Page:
Doubling down on breast cancer

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Science  01 Feb 2019:
Vol. 363, Issue 6426, pp. 495-496
DOI: 10.1126/science.363.6426.495-c

Triple-negative breast cancer (TNBC) is a highly aggressive form of cancer that preferentially affects women of African ancestry. An incomplete understanding of the cellular signaling mechanisms that drive TNBC growth has slowed the development of effective therapies. A study of an extracellular matrix protein named Tinagl1 may offer new hope. Shen et al. found that therapeutic delivery of Tinagl1 suppresses tumor growth and metastasis in mouse models of TNBC. Tinagl1 exerts its anti-cancer effect by simultaneously inhibiting two distinct signaling pathways: the epidermal growth factor receptor and the focal adhesion kinase pathways. TNBC patients whose tumors showed high expression levels of Tinagl1 had better clinical outcomes.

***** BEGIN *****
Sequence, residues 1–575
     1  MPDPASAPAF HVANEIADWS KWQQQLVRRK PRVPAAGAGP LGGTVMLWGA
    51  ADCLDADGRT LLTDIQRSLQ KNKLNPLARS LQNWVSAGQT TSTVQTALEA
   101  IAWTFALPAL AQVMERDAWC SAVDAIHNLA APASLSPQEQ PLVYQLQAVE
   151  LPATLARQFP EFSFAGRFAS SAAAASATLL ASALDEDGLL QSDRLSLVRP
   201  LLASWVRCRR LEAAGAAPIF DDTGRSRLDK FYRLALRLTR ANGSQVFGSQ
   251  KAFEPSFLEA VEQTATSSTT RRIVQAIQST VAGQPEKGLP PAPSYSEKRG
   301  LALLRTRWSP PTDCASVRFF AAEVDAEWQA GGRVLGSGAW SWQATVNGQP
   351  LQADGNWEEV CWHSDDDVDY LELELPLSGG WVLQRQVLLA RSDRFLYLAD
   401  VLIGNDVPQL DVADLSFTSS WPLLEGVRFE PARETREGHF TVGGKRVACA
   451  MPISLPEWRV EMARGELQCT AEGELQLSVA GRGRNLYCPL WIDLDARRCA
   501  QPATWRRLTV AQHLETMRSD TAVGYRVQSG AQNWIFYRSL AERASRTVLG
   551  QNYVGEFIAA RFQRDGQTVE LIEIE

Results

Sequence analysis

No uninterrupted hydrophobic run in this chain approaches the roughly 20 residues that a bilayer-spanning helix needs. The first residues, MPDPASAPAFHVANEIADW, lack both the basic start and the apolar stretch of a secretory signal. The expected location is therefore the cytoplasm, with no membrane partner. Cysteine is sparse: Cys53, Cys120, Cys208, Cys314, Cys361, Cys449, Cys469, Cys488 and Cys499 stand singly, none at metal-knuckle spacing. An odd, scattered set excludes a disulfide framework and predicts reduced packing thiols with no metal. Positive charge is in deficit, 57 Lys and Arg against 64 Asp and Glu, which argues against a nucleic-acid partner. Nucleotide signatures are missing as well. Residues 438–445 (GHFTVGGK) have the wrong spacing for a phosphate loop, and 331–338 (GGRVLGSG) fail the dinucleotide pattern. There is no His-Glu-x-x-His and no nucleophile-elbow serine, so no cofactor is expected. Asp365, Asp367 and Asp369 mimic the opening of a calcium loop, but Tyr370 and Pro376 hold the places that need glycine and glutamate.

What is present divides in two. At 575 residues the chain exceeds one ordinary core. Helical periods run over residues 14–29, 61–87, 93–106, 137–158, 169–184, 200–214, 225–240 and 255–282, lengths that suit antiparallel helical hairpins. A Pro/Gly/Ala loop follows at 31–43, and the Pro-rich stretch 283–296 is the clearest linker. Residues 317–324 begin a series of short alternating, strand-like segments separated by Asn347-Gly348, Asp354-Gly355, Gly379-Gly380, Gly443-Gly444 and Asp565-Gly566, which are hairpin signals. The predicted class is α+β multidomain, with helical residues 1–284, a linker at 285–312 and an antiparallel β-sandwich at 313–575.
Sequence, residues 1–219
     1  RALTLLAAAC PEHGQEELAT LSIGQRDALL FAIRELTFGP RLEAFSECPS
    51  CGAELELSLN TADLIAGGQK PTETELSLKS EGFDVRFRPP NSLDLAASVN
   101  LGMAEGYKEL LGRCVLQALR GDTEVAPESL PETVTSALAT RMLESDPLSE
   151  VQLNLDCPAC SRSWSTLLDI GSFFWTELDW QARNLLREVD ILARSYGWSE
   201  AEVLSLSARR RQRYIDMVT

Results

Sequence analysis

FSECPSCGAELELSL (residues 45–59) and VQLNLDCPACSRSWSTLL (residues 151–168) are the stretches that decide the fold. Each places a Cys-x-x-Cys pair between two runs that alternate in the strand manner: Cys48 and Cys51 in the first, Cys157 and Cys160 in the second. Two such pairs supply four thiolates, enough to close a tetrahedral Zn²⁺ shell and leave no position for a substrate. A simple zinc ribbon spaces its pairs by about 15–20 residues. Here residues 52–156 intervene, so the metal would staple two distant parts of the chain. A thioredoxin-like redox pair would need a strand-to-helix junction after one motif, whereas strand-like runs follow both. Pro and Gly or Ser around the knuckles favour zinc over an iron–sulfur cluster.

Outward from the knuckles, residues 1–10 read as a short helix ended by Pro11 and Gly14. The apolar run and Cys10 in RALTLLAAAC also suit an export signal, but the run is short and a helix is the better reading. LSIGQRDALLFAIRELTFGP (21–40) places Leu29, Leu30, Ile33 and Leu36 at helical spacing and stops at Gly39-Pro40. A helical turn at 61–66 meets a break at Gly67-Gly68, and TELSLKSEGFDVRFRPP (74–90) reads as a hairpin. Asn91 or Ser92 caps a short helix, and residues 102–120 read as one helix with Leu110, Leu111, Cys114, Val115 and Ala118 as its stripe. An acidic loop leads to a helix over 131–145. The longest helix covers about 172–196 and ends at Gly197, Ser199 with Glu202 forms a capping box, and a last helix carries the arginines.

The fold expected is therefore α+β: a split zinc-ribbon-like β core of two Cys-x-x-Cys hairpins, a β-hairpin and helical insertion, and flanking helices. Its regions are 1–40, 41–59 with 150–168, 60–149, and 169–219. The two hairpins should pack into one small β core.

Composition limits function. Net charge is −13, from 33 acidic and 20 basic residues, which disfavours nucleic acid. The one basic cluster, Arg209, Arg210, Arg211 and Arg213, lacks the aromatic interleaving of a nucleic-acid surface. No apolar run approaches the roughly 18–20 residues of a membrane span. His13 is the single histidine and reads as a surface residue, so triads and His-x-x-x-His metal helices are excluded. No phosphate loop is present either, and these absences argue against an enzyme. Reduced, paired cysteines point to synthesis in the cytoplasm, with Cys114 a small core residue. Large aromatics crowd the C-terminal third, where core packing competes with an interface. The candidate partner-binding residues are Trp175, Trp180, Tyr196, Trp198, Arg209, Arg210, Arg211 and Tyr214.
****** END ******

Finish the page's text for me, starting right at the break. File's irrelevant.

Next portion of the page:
Cancer Cell 35, 1 (2019).

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